Travel anomaly caused by hurricane, questionable calls by officials and Tomlin can't ruin comeback
November 5, 2012 8:00 PM
Matt Freed /Post-Gazette
Isaac Redman carries against the Giants in the fourth quarter Sunday at MetLife Stadium in East Rutherford, N.J. Redman ran for 147 yards on 26 carries with one touchdown.
By Ed Bouchette Pittsburgh Post-Gazette
EAST RUTHERFORD, N.J. -- The Steelers overcame travel logistics, questionable calls by the officials and by their own head coach, then a 10-point, fourth-quarter New York Giants lead Sunday at MetLife Stadium.
Some how, they found a way to a 24-20 victory against the reigning Super Bowl champions on an emotional day played in the nation's largest region wracked by Superstorm Sandy.
"We combated a lot of adversity [Sunday] and were able to pull it out," said Steelers coach Mike Tomlin, who criticized his own fake field-goal call that blew up in their face.
"Hopefully, this is a big step for us."
Isaac Redman rushed for 147 yards and the winning, 1-yard touchdown run with four minutes left. A defense that had allowed fourth-quarter comebacks in all three of their losses, stiffened again in the fourth quarter for the third consecutive time to preserve a victory.
Not only that but they made Giants quarterback Eli Manning look less than mortal. He completed just 10 of 24 passes for 125 yards with one interception, by Ike Taylor. The Giants, who fell to 6-3 after ending a four-game winning streak, managed only 68 yards rushing. The Steelers, who won their third in a row to improve to 5-3, ran for 158 yards.
Quarterback Ben Roethlisberger gave up 10 points on a controversial fumble that was returned for a touchdown, and only his fourth interception this season led to a third-quarter field goal by the Giants. But he led them to another comeback victory in the fourth quarter and completed 21 of 30 passes for 216 yards and two touchdowns.
"That's as disappointing a loss as we've had around here in a long time," Giants coach Tom Coughlin said.
The game was played before 80,991 at MetLife Stadium even though there was no public transportation, and gas was hard to come by after Hurricane Sandy left a trail of destruction, power outages and heartbreak over a wide swath of the New York metropolitan area.
The storm left the Steelers without hotel rooms and no choice but to fly in Sunday morning, landing at nearby Newark Liberty Airport just after 10 a.m. Tomlin shrugged off the logistics, saying there were "a lot people that have a lot more adversity than what we had this morning."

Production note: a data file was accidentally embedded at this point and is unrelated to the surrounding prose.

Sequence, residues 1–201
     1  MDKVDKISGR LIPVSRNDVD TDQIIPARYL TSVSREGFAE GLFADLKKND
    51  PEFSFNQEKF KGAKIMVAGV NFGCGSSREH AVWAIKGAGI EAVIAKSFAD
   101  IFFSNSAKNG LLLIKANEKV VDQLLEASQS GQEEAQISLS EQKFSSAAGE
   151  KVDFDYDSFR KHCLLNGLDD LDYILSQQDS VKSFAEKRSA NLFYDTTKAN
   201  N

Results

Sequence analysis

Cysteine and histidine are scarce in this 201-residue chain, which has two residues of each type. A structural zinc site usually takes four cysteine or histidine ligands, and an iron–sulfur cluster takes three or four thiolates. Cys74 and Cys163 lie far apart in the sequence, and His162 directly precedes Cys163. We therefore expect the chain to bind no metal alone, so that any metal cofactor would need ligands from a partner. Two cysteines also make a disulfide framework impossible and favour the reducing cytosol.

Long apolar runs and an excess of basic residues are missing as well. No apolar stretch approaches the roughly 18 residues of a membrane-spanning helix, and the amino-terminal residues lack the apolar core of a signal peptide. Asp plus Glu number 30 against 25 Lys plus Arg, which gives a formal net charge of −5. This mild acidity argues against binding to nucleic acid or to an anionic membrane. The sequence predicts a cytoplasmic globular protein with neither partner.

They did face plenty of adversity once the game started to the point that even Tomlin, usually reticent to criticize officials, did not hesitate to call out referee Bill Levy's crew in somewhat subtle ways.
"I can't figure out some of this stuff now," Tomlin said at one point when asked about a call.
Emmanuel Sanders caught a 4-yard touchdown pass from Roethlisberger for the first score of the game early in the second quarter.
But then New York took a 14-7 lead on several questionable calls by the officials.
The first came when Keenan Lewis was penalized 41 yards for a pass interference call that looked more like a good defensive play by the improving cornerback. The next occurred on third down at the 2 when Ike Taylor broke up a pass for Victor Cruz. But the officials called a penalty on Ryan Clark for a "blow to the head" of Cruz even though replays clearly showed he hit him in the mid-section.
That led to a 1-yard touchdown run by Andre Brown and a 7-7 tie.
"Some of the penalties," Tomlin said, "were suspect."
Chris Rainey's 50-yard return on a kickoff put the Steelers in good field position to start the next series at the Giants 48. They moved to a second down at the 32 and Roethlisberger dropped back to pass.
As he cocked his arm, Osi Umenyiora hit it, jarring the ball. It appeared that Roethlisberger still had some control of the ball as his arm moved forward, throwing the ball to the ground. Boley scooped up the loose ball and ran it back 70 yards for a touchdown.
After an automatic review of the play, the officials stayed with their touchdown ruling.
Nevertheless, Shaun Suisham capped a four-play, 47-yard drive just before the half to kick a 30-yard field goal to cut into the Giants' lead, 14-10, at halftime.
Lawrence Tynes kicked two field goals -- one after Roethlisberger's interception -- to put the Giants up by 10 heading into the fourth quarter.
The Steelers again cut into the Giants lead when Roethlisberger threw a short pass to Mike Wallace on a crossing pattern over the middle and Wallace ran past everyone down the left sideline for a 51-yard touchdown.
The Giants were in man-to-man coverage with no safety help on the play.
"I knew if I catch it, I could just run across the field and just try to keep running and it worked out for me," Wallace said.
The Giants led, 20-17, with 14:05 left in the game.
The Steelers had a chance to tie the score with a fourth down at the Giants 3, inches short of a first down. They lined up to try a 20-yard field goal, but instead pulled a fake. Holder Drew Butler took the snap, pitched it over his shoulder to Suisham, who ran to the right and was tackled for a 1-yard loss by Giants cornerback Michael Coe and end Justin Tuck, who were not fooled by the fake.
"I took a shot and the guys backed my play like I knew they would and I appreciate that," Tomlin said. "They overcame bad coaching sometimes and that's on me."
They did so by forcing the Giants to punt from the 7 after that missed opportunity.
With 8:55 to go, the Steelers took over at their 49. Roethlisberger led them on a 51-yard drive that ended with Isaac Redman running 1 yard for the winning touchdown with 4:53 left.
Redman said Tomlin told them beforehand that, "This game is the fork in the road, which way do we want to go?"